April 2012 archive
I am not winning any awards in naming my recipes. Seriously, I think this is one of the most difficult things about posting recipes; there is a fine line between being descriptive and being dull. That being said, this is what you get for this bad boy: a shroom sammy with jalapeno cheddar sauce because… that’s exactly what this sandwich is.
After I saw ‘The Sexy Vegan’ slice his shrooms horizontally… I wanted to do it! I was originally dreaming of doing a philly cheeze steak (wit whiz of course) but then I had all these jalapanos that I needed to eat up so into the sauce they went. And out came a meaty, spicy, sloppy, man sandwich!
It also doesn’t hurt that I made homemade dutch crunch rolls to go with. Besides trying to win a girlfriend of the year award, I have been trying to make my own bread as much as possible. Why? Because it’s FUN and I seem to enjoy spending every last drop of my non-working time in my kitchen. For all of you not-near-the-bay area folks, dutch crunch bread is out of this world! Hands down my favorite sandwich bread, I usually top this with avocado, fresh summer tomatoes and sprouts. I used this recipe from The Baking Barrister and used almond milk. It turned out perfect!
This bread definitely helps to make the sandwich but you can sub store-bought if you don’t have an extra 3 hours to make dinner.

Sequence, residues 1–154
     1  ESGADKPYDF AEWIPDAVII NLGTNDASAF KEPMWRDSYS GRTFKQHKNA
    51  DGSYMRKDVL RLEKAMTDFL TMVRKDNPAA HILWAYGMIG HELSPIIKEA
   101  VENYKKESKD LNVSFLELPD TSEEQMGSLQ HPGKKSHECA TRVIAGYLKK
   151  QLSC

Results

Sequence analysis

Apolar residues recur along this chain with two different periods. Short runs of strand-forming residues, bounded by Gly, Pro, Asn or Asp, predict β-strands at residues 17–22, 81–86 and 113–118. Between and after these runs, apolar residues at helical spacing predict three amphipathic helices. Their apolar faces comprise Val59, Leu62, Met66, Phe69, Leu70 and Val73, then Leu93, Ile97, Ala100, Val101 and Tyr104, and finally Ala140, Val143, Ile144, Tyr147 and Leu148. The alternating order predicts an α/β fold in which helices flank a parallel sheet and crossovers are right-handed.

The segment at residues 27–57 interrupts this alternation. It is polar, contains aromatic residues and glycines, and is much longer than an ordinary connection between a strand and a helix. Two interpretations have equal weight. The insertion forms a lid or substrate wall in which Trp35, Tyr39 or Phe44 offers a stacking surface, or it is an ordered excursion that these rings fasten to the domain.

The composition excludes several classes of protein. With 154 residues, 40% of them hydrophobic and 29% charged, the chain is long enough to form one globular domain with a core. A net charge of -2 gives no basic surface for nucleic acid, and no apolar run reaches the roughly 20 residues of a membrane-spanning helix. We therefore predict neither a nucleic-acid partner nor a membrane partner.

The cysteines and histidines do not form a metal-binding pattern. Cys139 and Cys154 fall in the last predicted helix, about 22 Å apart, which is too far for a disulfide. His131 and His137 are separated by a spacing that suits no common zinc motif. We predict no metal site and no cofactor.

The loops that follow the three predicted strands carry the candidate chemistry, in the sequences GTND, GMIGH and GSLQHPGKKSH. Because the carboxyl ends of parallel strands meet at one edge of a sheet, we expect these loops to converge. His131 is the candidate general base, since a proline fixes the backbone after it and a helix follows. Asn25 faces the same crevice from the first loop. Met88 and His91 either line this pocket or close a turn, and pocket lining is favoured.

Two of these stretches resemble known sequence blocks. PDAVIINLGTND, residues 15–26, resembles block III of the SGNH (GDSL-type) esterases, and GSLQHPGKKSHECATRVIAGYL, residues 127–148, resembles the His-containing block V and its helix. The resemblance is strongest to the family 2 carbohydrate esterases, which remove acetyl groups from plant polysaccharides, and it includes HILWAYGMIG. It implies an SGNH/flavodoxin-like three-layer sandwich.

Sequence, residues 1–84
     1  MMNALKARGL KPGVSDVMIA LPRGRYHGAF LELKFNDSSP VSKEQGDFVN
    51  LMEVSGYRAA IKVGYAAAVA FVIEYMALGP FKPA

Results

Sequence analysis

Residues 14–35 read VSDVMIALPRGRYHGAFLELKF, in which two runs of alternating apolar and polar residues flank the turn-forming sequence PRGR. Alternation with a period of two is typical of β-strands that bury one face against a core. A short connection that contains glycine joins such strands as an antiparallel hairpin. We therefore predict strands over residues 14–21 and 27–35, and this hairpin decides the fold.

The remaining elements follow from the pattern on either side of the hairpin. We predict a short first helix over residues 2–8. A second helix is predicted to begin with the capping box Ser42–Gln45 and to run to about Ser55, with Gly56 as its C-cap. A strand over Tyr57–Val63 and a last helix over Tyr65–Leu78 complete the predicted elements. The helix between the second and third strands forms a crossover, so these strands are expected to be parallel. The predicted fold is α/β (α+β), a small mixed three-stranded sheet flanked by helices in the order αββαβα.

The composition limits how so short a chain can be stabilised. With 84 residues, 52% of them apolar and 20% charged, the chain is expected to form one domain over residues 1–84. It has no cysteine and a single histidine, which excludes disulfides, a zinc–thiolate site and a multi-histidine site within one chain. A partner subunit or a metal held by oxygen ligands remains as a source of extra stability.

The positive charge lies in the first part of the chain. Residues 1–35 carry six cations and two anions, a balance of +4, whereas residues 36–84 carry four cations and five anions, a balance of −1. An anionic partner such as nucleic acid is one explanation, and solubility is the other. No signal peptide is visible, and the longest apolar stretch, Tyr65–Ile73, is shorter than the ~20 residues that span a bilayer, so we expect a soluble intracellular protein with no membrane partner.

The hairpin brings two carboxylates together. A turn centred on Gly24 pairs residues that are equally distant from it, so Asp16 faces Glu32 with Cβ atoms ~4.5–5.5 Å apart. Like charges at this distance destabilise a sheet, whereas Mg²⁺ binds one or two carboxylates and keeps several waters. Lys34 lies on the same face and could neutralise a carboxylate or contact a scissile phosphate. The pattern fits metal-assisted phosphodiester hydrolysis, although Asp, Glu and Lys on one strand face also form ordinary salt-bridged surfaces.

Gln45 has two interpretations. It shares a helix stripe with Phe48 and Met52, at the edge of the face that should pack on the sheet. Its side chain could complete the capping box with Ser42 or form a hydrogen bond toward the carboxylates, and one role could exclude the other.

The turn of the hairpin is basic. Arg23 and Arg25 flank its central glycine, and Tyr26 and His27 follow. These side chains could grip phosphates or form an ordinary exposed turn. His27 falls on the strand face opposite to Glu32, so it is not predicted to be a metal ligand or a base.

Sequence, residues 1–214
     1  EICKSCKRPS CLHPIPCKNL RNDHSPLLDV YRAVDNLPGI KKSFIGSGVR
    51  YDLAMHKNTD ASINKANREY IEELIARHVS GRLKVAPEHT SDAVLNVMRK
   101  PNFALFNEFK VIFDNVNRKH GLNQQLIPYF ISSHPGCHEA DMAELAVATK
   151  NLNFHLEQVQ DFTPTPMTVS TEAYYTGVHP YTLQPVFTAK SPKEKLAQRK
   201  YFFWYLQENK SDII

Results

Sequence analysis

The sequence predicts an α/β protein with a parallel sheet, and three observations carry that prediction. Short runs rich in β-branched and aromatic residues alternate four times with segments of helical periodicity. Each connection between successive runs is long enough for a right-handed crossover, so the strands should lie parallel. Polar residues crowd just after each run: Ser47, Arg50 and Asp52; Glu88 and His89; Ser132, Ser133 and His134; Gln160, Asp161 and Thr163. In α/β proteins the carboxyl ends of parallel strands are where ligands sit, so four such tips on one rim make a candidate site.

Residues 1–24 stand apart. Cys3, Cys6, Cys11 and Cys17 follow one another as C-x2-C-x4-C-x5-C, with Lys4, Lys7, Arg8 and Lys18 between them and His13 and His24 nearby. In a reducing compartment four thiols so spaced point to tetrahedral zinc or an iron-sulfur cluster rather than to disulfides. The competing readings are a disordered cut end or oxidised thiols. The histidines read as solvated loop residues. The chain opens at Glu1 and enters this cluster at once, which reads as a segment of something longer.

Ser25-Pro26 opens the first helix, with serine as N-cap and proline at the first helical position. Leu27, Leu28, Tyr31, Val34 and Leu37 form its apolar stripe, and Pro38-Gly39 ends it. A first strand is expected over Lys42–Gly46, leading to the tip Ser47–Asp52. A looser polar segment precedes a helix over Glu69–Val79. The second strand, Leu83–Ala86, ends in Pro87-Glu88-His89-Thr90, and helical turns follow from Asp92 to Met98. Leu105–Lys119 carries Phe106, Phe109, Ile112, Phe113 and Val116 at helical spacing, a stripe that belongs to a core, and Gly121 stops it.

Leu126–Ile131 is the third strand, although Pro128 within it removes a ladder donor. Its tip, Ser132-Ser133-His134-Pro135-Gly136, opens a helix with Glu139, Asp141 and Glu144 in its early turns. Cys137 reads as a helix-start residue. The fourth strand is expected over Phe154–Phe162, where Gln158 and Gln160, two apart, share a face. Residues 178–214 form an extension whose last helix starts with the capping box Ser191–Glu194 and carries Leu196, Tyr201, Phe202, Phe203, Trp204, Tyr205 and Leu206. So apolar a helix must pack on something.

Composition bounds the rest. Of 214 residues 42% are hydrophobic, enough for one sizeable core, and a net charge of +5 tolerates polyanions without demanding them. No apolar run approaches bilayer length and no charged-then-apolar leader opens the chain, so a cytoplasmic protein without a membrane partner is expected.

3 large portabello mushroom caps, cleaned
1/4 cup canola oil
3 tablespoons chopped onion
4 cloves garlic, minced
4 tablespoons balsamic vinegar
Combine the above ingredients together and let marinate for at least 30 minutes.
Preheat the oven (or the grill- it is getting to be grill season!) to 400 degrees. Place the mushrooms in the oven and cook for 20 minutes. Remove and let cool until just slightly warm.
Now you are ready to slice. With a very sharp knife, thinly slice the mushroom cap horizontally, creating thin ‘beef-like’ strips. Do this to all of the mushrooms.
Heat a large skillet to medium-high. Add 1 yellow onion, sliced very thinly. Cook for a few minutes until slightly caramelized. Add the sliced mushrooms and homemade Philly-BBQ sauce (below). Cook for 5-10 minutes until warmed through and reduced.
1 tbsp. worcestershire sauce
1 tsp. smoked paprika
1 tsp. garlic powder
1 tsp. dried oregano
1/2 cup BBQ sauce- purchased or homemade
Jalapeno Cheddar Sauce
3 tbsp. Earth Balance Margarine
2 tbsp. all-purpose flour
1 cup soy or almond milk
3 tbsp. nutritional yeast flakes
1 tsp. tomato paste
1/2 tsp. agave nectar
1/2 tsp. garlic powder